- In the past, tax changes have not led to changes in the compensation of private equity fund managers. Russell Read, Chief Investment Officer of the California Public Employees’ Retirement System, testified that he had closely examined the issue, and “it is absolutely true that we believe that there has been no discernable change in the past on our negotiations and fee levels based upon those changes in tax rates.” Similarly, William Stanfill, a venture capital fund manager, told the Senate Finance Committee, “I have been in the business for 25 years, and the base compensation structure of Two and Twenty [management fees equal to 2 percent of the assets of the fund and carried interest equal to 20 percent of its profits] has survived all the tax changes over that period of time.” In other words, even when capital gains tax rates changed, the standard compensation package for private equity fund managers remained the same: it appears to be largely or entirely independent of tax rates. Furthermore, even if changing the tax treatment of carried interest did affect investor returns, the effect on pension funds — which seems to be policymakers’ primary concern — would be very small. While pension funds account for a reasonably large share of total investment in private equity funds, investment in private equity funds accounts for a very small share of total investment by pension funds. Thus, Professor Auerbach testified to the Finance Committee that even if half the tax increase were passed along to investors (and for the reasons discussed above, this is an implausibly high share) this “would imply a reduction of at most around two basis points in the annual return on these pension funds’ assets, and quite possibly much less.” (Two basis points is two one-hundredths of one percentage point; annual returns could go, for instance, from 6.02 percent to 6 percent.)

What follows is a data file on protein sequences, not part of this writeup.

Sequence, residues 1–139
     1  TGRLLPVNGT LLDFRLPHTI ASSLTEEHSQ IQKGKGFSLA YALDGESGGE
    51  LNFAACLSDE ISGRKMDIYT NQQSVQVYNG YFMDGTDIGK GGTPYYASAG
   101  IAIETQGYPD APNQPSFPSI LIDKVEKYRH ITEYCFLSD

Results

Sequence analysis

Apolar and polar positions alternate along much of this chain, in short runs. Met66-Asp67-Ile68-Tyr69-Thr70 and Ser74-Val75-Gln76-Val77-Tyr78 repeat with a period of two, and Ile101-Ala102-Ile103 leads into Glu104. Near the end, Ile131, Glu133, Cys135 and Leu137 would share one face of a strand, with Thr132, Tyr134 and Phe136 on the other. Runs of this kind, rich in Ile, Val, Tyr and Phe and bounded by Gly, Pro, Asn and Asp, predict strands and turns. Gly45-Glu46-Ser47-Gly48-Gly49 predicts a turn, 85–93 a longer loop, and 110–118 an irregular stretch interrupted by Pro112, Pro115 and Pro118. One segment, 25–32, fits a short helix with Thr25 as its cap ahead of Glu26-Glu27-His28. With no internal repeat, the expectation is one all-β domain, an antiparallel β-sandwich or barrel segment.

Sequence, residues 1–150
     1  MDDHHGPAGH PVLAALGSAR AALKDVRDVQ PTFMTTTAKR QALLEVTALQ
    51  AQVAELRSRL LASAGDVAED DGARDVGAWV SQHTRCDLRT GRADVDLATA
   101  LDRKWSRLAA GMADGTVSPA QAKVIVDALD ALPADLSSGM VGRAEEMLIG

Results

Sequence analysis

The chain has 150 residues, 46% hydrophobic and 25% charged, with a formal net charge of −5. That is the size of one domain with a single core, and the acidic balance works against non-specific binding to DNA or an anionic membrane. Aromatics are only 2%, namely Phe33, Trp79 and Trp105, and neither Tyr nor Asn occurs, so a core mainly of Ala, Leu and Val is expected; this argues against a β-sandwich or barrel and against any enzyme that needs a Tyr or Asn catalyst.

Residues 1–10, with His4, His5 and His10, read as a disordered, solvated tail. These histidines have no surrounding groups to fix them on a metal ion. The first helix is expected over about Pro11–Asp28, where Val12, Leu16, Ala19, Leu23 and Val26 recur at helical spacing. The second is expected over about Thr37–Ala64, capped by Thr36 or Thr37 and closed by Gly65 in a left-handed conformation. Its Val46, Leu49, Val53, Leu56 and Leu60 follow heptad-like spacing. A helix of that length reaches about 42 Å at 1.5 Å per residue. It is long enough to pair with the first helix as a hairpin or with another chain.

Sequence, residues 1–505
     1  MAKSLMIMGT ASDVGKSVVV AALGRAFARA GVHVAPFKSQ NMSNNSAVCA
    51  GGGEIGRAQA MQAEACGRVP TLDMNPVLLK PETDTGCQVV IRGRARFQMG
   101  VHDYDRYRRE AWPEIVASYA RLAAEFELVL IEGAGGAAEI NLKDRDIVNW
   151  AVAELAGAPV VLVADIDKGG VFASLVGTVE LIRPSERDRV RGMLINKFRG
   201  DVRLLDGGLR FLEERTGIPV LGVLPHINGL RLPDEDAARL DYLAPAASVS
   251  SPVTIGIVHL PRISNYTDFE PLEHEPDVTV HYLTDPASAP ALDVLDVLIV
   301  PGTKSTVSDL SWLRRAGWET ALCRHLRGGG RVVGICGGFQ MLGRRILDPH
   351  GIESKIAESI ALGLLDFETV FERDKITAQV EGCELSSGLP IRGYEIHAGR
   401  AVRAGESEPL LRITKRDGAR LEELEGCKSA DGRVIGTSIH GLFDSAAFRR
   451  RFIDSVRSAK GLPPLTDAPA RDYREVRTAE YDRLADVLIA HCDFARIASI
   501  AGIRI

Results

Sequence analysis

Not surprisingly, some major pension funds have expressed skepticism about the claim that raising taxes on private equity fund managers would hurt them. According to Bloomberg News, “the pension funds whose interest [the private equity managers] claim to be defending aren’t buying it.” One public employee pension fund chairman stated succinctly, “The argument that this is about the interest of retired public employees is ludicrous.” (In contrast, private equity fund managers have been lobbying hard against the tax change, suggesting that the managers believe they will indeed bear a substantial share of it themselves.)
If the Tax Break Did Benefit Pension Funds, Would That Justify It?
Suppose that taxing carried interest at the capital gains tax rate did increase pension fund returns. That still would not be a sound reason to preserve the tax break.
Suppose the carried interest tax break costs the federal government $6 billion per year. And suppose again that, if the tax break were eliminated, half of the increased tax burden would be passed along to investors, meaning that investors receive half the benefits of the existing tax break. According to the Congressional Budget Office, pension funds were the source of about one-third of the capital invested in private equity funds in 2005. Thus, even in this scenario, which assumes that a large share of the tax savings is passed on to investors, the federal government would be spending $6 billion per year in order to provide $1 billion per year to pension funds. Moreover, it would be aiding pension funds by means of a tax break that, because it treats the compensation of private equity fund managers differently than other, similar forms of compensation, almost cerrtainly makes the tax system less efficient (and less equitable).